Adding to the Arsenal

Adding to the Arsenal
My favorite weightless soft plastics that demand a subtle presentation are much easier to throw on spinning gear.

I once heard a comedian say, “there is no cool way to ride in the back of a truck,” and when you think about it the guy has a point. I have said for many years, “there is no cool way to cast a popping cork or live bait on a baitcast outfit, especially when a spinning outfit is so much more efficient.” Right about now many of you reading this will immediately turn up your nose or quit reading altogether, and that’s exactly what you SHOULD NOT DO! Bear with me a few moments and be openminded. I promise what I have to say here will enable you to catch more fish and be more way more efficient in your casting and catching.

Several years ago while on a fishing vacation, “Howdy Tex” was a common greeting from other anglers as Bink Grimes and I strode down the dock toward our waiting boat. “I wonder how they know we’re from Texas,” I thought to myself, then I looked down at my rods and it hit me as I gazed at the fist full of bait casters. We were in Florida and baitcasters are a dead giveaway that you are from the Lone Star State. Over in the Sunshine State spinning tackle rules the angling world. Now before you go get in a fired up huff because you think it’s another one of those “Florida is superior to Texas” propaganda speeches, take a minute to realize what the real story is about.

For whatever reason most diehard Texas trout anglers and fishermen in general, refuse to throw a spinning rod for any one of a myriad of reasons. Most testosterone junkies discount the gear as being for novices or beginners but nothing could be farther from the truth. Now I am not saying that the spinning rig  is better than a baitcaster, let’s get that straight right now. I am saying, however, that spinning gear is generally overlooked and under-utilized in Texas saltwater. By adding a spinning rod to your arsenal of baitcasters you can cover just about any type of fishing situation that comes up along the gulf coast.

When I first started guiding, one of the most valuable pieces of information I received came from my good friend and mentor, Capt. Dickie Colburn. Dickie said, “son, a man can make a good living with a quality spinning rod.” Dickie should know, he’s has been doing just that for many years on both freshwater lakes and coastal bays. By using a light line presentation on a 6-foot spinning rod, Dickie has caught more flounder than you could ever imagine. “The spinning rod is perfectly suited to throw the tiny Road Runner jigs and Gitzit lures that flounder just absolutely love,” said Colburn. “You just can’t fish those little baits on a regular baitcast rod and reel.”

Another area where the spinning rod shines is when the situation calls for delicate or subtle presentations, throwing weightless soft plastics over grass or when you are sight-fishing. The ease at which an angler can cast these offerings with pinpoint accuracy and minimal splashdown results in more fish caught and fewer fish spooked. I cannot tell you how many times during the summer I switch from a baitcaster to a spinning rod just for the ability to throw a subtle bait at a finicky redfish…it works like a charm.

Wade fishermen can also benefit from using a spinning outfit. I know several anglers who carry both baitcaster and spinning outfit while wading. The baitcaster is used for casting downwind and for throwing big topwaters, while the spinning rod is used for throwing into the wind and casting more subtle offerings. The spinning reels are excellent choices for throwing Corkys also. The slower gear ratios helps you slow down your presentation and that generally translates to the lure settling into the strike zone for longer periods and more bites.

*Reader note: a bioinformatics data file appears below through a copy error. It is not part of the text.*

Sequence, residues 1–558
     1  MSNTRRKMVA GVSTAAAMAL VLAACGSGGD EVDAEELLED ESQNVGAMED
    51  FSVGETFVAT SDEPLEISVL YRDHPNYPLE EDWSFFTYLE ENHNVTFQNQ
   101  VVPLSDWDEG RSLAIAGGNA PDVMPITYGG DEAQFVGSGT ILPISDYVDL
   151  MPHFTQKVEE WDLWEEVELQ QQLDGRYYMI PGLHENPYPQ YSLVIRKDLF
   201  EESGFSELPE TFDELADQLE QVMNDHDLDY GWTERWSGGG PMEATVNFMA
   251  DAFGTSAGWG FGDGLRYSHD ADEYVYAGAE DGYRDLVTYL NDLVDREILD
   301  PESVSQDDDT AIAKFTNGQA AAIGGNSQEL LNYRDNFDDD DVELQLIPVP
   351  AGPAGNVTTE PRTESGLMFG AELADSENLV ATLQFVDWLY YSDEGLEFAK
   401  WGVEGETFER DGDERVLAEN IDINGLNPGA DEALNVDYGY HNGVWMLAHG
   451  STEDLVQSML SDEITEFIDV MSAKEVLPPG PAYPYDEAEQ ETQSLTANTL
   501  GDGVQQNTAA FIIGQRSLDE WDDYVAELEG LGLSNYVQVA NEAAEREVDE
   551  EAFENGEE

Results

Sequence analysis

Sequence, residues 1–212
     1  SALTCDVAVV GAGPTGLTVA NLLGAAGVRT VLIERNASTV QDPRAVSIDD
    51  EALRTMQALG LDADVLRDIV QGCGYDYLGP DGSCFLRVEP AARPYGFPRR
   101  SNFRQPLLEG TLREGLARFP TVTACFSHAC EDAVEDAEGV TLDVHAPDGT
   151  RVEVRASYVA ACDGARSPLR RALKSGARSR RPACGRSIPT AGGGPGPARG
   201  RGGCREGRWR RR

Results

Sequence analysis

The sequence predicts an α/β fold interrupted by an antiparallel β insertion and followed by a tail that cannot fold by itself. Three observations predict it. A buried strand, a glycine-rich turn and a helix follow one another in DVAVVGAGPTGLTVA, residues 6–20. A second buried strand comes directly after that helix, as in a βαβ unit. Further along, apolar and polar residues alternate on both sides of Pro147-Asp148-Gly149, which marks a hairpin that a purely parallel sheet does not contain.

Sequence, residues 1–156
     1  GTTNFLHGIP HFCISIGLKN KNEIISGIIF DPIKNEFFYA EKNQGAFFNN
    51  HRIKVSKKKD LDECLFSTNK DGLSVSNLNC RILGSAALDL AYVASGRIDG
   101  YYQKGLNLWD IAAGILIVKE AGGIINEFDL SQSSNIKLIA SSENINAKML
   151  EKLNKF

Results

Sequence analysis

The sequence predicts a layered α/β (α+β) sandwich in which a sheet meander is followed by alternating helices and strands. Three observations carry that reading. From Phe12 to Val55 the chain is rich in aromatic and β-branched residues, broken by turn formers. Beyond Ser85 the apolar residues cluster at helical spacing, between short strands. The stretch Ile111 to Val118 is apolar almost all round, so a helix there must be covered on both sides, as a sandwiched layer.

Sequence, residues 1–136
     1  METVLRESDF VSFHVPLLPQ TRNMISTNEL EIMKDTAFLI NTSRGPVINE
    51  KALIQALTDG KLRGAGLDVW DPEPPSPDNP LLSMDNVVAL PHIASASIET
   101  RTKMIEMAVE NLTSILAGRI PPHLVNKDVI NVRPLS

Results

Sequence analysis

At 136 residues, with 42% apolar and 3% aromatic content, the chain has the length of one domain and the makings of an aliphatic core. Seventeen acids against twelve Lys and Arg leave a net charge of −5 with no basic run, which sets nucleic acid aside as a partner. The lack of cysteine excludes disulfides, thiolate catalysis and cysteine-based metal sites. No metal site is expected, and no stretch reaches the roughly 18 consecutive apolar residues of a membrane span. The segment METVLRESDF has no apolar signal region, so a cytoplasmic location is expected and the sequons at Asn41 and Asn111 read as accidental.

For close to twenty years I have been using Okuma spinning tackle and I have nothing but good things to say about their products. I have a couple of reels, the Okuma Trios and Cedros, that have both landed everything from perch to permit and more oversized redfish than I could even begin to count. From the poling platform on my little boat, spinning tackle really shines as I can make casts with minimal body movement, which automatically helps prevent spooking the fish I am targeting. Braided lines with 8- to 10-pound mono equivalent diameter allows packing these reels with enough line to handle just about any run a gamefish could make, and then some. The lighter weight of this class of gear in general contributes to reduced angler fatigue, something we’re always thankful for at the end of a long fishing day.

Over the years spinning tackle manufacturers have really made great strides in all areas including drag, gear ratios, and overall weight compared to earlier models. There are some amazing spinning reels out there that will really open your eyes if you haven’t ever considered them or even looked that way at your local tackle dealer. I highly encourage parents to think about spinning gear for young anglers because it takes a lot of stress out of the equation due to the simplicity. The spinning reel also allows young fishermen a much better opportunity to land a good fish compared to a pushbutton spincast model so many parents put in young anglers hands.  

The spinning rod and reel is without a doubt a fantastic tool that more fishermen should take advantage of. Once you give this technique an honest try I feel sure many of you will see that there are some distinct advantages that you have been missing out on for a long time. Be open to the idea and see just what this gear has to offer.


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